“There’s a McCarthyism coming from the left,” one prominent TV and movie actor who requested his name not be used for fear of professional repercussions told the L.A. Times. “In 30 years of show business, I’ve never seen it like this. If you are even lukewarm to Republicans, you are excommunicated from the church of tolerance.”
But historians who specialize in the entertainment industry and politics say comparisons to McCarthyism ignore how those on the Hollywood blacklist in the 1950s were treated.
“These and other moments of repression of political ideas involved much more than social pressure like not being invited to cocktail parties,” Kathryn Brownell, a history professor at Purdue University and author of “Showbiz Politics: Hollywood in American Politics,” tells the Monitor on Wednesday. She mentions conservatives in the industry collaborating with the federal government during the "Red Scare" to prevent the hiring of those with liberal views.
Dr. Brownell acknowledges the current tension between the Trump administration and members of the entertainment industry. Actress Meryl Streep, for instance, devoted an acceptance speech at the Golden Globes in January to criticizing President Trump. But Brownell adds that Mr. Trump has directly benefited from the industry and his time as a reality TV star – then, as a president and candidate, depicted Hollywood as an adversary.
“He contributed to that environment Tim Allen talked about,” said Brownell. “Trump has tried to intensify this ‘us versus them’ debate.”
But some of Trump's inner circle has come from Hollywood. Treasury Secretary Steven Mnuchin and White House chief strategist Steve Bannon were once film producers, part of the conservative corporate Hollywood that Dr. Ross at USC mentions.
Allen’s comments also come as evidence is mounting that a growing number of Republican men feel discriminated against, a cohort the comedian represents as a vocal conservative on the “Last Man Standing” sitcom. According to the American National Election Study, 18 percent of Republican men in 2016 said they faced a “great deal” or “a lot” of discrimination, compared to 9 percent in 2012, according to data Dan Cassino, a political science professor at Fairleigh Dickinson University, cited in an article for the Harvard Business Review. In 2016, an additional 23 percent of Republican men said they faced “a moderate amount” of discrimination, for a total of 41 percent.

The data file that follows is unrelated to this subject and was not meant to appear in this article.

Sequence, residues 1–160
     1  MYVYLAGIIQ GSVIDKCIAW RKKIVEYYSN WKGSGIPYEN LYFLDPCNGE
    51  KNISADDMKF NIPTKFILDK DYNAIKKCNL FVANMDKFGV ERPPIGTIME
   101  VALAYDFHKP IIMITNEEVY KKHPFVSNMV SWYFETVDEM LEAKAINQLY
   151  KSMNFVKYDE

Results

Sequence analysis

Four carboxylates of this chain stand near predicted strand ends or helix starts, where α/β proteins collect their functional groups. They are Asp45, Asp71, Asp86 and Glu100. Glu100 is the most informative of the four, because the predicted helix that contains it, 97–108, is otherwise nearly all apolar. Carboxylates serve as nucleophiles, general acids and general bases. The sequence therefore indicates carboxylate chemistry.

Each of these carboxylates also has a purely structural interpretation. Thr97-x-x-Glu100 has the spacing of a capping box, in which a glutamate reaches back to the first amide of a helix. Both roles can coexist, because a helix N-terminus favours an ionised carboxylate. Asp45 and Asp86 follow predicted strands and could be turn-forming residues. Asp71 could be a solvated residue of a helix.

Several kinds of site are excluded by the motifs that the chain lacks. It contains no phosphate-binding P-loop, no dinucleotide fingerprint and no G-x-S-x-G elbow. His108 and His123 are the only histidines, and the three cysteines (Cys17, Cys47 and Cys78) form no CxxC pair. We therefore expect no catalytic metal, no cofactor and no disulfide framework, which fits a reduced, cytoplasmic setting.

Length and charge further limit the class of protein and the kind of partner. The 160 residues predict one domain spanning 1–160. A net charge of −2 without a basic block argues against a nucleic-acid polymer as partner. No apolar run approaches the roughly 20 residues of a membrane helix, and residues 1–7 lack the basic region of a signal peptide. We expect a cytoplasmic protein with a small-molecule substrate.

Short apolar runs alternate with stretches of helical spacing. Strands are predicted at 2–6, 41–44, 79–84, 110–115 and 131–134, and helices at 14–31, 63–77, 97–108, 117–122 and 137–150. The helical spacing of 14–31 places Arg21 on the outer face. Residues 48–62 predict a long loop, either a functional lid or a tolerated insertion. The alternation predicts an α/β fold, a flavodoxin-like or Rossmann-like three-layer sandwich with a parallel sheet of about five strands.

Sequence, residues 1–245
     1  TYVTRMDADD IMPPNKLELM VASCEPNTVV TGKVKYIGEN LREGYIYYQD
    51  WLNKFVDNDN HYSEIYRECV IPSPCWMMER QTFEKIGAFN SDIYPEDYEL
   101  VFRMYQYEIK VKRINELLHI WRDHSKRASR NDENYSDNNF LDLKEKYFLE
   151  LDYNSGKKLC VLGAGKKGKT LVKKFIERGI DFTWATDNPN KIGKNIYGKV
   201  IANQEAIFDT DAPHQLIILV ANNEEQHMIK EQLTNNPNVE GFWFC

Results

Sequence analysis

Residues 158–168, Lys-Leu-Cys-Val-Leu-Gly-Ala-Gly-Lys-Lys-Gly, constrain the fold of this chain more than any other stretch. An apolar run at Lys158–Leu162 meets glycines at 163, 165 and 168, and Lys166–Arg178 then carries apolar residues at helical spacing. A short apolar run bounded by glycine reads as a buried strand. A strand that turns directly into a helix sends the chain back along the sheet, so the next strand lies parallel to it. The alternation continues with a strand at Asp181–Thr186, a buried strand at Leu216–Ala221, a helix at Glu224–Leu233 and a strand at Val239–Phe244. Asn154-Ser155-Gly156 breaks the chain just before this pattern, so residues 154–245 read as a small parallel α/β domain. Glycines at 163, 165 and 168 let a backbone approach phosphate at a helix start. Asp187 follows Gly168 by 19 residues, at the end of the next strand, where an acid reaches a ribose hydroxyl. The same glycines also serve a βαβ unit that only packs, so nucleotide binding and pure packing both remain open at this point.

“You’re seeing men who have had privilege and were in charge of different elements of society no longer winning as much as they were,” Dr. Cassino tells the Monitor. “Now, because of the representation of women and the proportional representation of minorities, men are no longer running 100 percent of everything. They are running 60 percent of everything. It’s a relative loss of where we are.”
He adds that Allen’s comments are an outgrowth of conservative claims that contemporary liberals' insistence on tolerance toward ethnic and religious minorities has produced intolerance toward any illiberal political opinions, such as those shared on college campuses or in TV interviews.
But Allen’s comparison is also reminiscent of an argument from the alt-right movement about the threat of white identity, say both Cassino and Charles Gallagher, a sociologist at La Salle University.
This argument has become more mainstream, with Breitbart News and nationalist rhetoric taking on more prominence as a result of the 2016 election and new administration, he explains. Whether Allen’s comparison was heartfelt or spur-of-the-moment shtick (attempts to reach the comedian were unsuccessful), the normalization of the alt-right empowered Allen to make this statement, even if it was meant as self-deprecating humor, says Dr. Gallagher.
“These are the folks he's tapping,” Gallagher says of economically struggling areas, where his routine may resonate best. “But for him to suggest he is the victim of some kind of liberal Hollywood establishment is comical.”